Choosing Eyeglass Lenses: By Feature
In addition to being available in different lens materials, eyeglass lenses are also available with different design features. Two popular types of eyeglass lenses are photochromic lenses and progressive lenses.
Photochromic lenses are sun-sensitive lenses that darken outdoors and lighten to a clear lens indoors. The most popular brand of plastic photochromic lenses are Transitions lenses made by Transitions Optical (Pinellas, FL). Transitions lenses are available in gray and brown sun-activated tints. The most popular glass photochromic lenses are made by Corning Ophthalmic (Corning, NY), and are called PhotoGray and PhotoBrown lenses.
Photochromic lenses offer the convenience of having one pair of eyeglasses that can also act as sunglasses when you step outdoors. However, these lenses need ultraviolet (UV) light to activate their tint, so they may not darken as much as you want them to when you are inside a car. (Today's auto glass blocks most if not all of the sun's UV rays.) For driving on sunny days, you still may want to purchase prescription sunglasses.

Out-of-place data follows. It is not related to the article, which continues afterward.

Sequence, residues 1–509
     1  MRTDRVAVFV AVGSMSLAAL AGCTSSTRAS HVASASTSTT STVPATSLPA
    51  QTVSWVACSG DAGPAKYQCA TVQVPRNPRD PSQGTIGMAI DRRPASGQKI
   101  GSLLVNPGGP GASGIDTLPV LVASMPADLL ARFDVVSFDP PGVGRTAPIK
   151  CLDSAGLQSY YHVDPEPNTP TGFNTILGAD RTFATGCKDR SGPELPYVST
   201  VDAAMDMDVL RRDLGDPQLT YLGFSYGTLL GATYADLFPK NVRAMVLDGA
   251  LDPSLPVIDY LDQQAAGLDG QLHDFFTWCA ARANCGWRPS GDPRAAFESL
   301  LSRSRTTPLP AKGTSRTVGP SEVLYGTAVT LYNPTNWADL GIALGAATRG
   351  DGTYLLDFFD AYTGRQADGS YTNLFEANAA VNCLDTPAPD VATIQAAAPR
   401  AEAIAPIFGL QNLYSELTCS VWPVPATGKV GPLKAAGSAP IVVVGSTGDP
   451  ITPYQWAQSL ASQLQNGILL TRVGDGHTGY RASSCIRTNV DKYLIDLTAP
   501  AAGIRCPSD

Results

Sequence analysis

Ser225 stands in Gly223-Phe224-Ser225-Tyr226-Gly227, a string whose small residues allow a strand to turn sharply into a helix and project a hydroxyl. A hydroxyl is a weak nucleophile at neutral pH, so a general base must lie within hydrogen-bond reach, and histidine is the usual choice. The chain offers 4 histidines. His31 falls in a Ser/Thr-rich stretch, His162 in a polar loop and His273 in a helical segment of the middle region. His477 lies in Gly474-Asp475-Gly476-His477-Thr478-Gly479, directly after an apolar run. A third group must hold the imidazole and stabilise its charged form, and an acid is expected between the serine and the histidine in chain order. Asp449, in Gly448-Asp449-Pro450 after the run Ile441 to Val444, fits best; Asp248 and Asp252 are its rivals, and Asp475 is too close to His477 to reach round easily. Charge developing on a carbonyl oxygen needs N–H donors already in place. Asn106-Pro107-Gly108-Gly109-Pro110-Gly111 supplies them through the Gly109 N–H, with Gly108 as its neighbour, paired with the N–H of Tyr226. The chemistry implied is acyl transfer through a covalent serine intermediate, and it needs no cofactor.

Progressive Addition Lenses
Progressive lenses are for individuals over age 40 who are becoming presbyopic (losing their near vision due to aging changes in the eye). Also called "progressives," these lenses are similar to bifocals because they have a distance and near prescription in the same lens. But progressive are unique because as your eyes look further down the lenses, there is a progressive increase in up-close focusing power, until the full near prescription is reached. This continuum of lens power provides a natural range of vision for seeing objects at all distances.
Most people today who need a bifocal prescription choose progressive lenses. In addition to providing a more natural range of vision, progressive addition lenses have no visible lines and give the wearer a more youthful appearance, compared to bifocals.
For complete information on eyeglass lens features, visit the Consumer Guide to Eyeglasses.